A New Birth
I am reminded of a period when all the agonies that afflict modern minds were felt by another generation, the young people who lived during the first century after Christ. They too sought change, but they directed their efforts at individuals, not at the Roman Empire, not at City Hall. And eventually the whole social and political structure felt their impact. In short, those renewed men and women became filled with a unique dynamic force.
Today this same force is available to all people. Over the centuries it has worked in the lives of millions. I personally have seen thousands of people changed. Jesus called it “a new birth.” The Scripture tells us that you need not continue as you are. You can become a new person. Whatever your hang-up—guilt, anxiety, fear, hatred—God can handle it.
I delight in knowing, Lord Jesus, that there is nothing in my life that is incapable of being changed through Your redemptive power.
Staying on Course
Read | 1 Corinthians 9:24-27
The Christian life can be likened to a race with a predetermined course and a finish line in eternity. Each child of God has a personalized route specially designed by the Lord. Our goal is to stay on track and run with endurance, but the path can be discerned and navigated only by focusing on Jesus. Because He ran the race perfectly and finished His course, He can show us the way.
As with any long-term race, the course is full of obstacles that threaten to trip or sidetrack us. Temptations lure us to what we imagine are lush green pastures, while busyness can lead us down rabbit trails that end in exhaustion. Worry and fear grab hold of our minds, and emotions take us places the Lord never intended for us to go.
Although sins present the most obvious hindrances, other obstacles and detours are subtler. Anything that takes precedence over our relationship with the Lord can send us down the wrong path. Because involvement in the daily activities of earthly life is necessary, we can easily let our families, jobs, and pleasures distract us from a wholehearted pursuit of Christ. Surprisingly, even God’s blessings can become obstacles in the race if we start to pursue them more than we do the Lord Himself.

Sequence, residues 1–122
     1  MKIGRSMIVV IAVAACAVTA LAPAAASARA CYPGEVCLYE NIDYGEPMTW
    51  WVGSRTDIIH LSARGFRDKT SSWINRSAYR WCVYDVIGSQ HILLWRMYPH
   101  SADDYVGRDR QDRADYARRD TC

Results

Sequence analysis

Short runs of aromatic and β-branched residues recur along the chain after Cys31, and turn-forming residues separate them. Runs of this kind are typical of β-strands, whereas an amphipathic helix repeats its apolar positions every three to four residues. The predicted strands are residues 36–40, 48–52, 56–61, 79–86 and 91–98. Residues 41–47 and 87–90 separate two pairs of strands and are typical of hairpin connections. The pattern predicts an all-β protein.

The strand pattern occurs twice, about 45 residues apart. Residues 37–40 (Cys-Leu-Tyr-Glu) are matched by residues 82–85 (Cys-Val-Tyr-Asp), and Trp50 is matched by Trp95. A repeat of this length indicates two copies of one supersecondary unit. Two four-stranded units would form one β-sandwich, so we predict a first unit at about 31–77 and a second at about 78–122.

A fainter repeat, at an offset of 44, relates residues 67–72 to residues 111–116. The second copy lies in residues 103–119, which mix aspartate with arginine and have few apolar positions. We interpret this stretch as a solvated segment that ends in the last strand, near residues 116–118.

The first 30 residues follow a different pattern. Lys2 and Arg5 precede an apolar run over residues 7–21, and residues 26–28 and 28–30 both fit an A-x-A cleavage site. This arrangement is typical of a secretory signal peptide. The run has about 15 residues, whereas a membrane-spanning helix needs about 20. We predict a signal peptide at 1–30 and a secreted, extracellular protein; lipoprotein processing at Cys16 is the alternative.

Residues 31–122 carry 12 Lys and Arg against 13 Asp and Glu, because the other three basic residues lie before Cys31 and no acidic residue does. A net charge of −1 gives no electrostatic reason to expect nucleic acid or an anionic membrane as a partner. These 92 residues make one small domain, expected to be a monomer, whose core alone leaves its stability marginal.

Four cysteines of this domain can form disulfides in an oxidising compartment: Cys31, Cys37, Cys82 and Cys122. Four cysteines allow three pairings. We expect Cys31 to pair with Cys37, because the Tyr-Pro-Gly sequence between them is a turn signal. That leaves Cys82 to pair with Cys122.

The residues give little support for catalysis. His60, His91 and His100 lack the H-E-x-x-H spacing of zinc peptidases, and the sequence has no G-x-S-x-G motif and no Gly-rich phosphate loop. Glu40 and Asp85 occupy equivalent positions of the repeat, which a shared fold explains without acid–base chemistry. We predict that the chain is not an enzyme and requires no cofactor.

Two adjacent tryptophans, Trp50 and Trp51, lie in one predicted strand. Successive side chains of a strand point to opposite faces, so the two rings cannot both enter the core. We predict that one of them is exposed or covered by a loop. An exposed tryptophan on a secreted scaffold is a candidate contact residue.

We must remember that the goal is not to focus on the path or to try and find our own way. Instead, we’re to fix our eyes on Jesus. He is not only our guide but also our destination. And He will welcome us home with open arms when we finish the race and cross into eternity. -Stanley
A Brief Walk In the Sewer
By Ed Collins on Jun 27, 2014 12:00 am
Please excuse the tone of this blog. Sometimes, to sugarcoat is to rob the thought of its impact.
So, I won't be doing that here. I won't be "tidying" things up to ensure nobody's offended. I'm sure once you begin reading, you'll be able to relate, even though it's not the prettiest of scenarios or the traditionally encouraging approach. Read between the lines, though, and you shall be encouraged appropriately, I promise! :)
Some days I find it difficult to even make a trip to the local shopping mall. Now, don't get me wrong, I'm not a monk or a recluse (not yet anyways - lol). However, the more I realize how much our God has done for us, and continues to do for us, the more challenging it is NOT to be totally turned off by mankind.
This world stinks! It reeks! It's grotesque in the worst of ways!
Here's the thing. Humanity has been distancing itself from God ever since the dawn of man. However, lately it seems it is sprinting away from Him. Even in my brief 45 year lifetime I've noticed a rapid acceleration. When I was a child, only those on the fringes of society seemed bold enough to be antagonistic towards God. And there weren't many of them, at least not in my periphery. So, most of us dismissed them as castoffs.
Today, things are very different. 'Jesus' has become a swear word. The world still 'tolerates' the concept of a god or gods, but definitely not THE God of the universe. Oh, there are myriad idols (take your pick), just none of them are Jesus.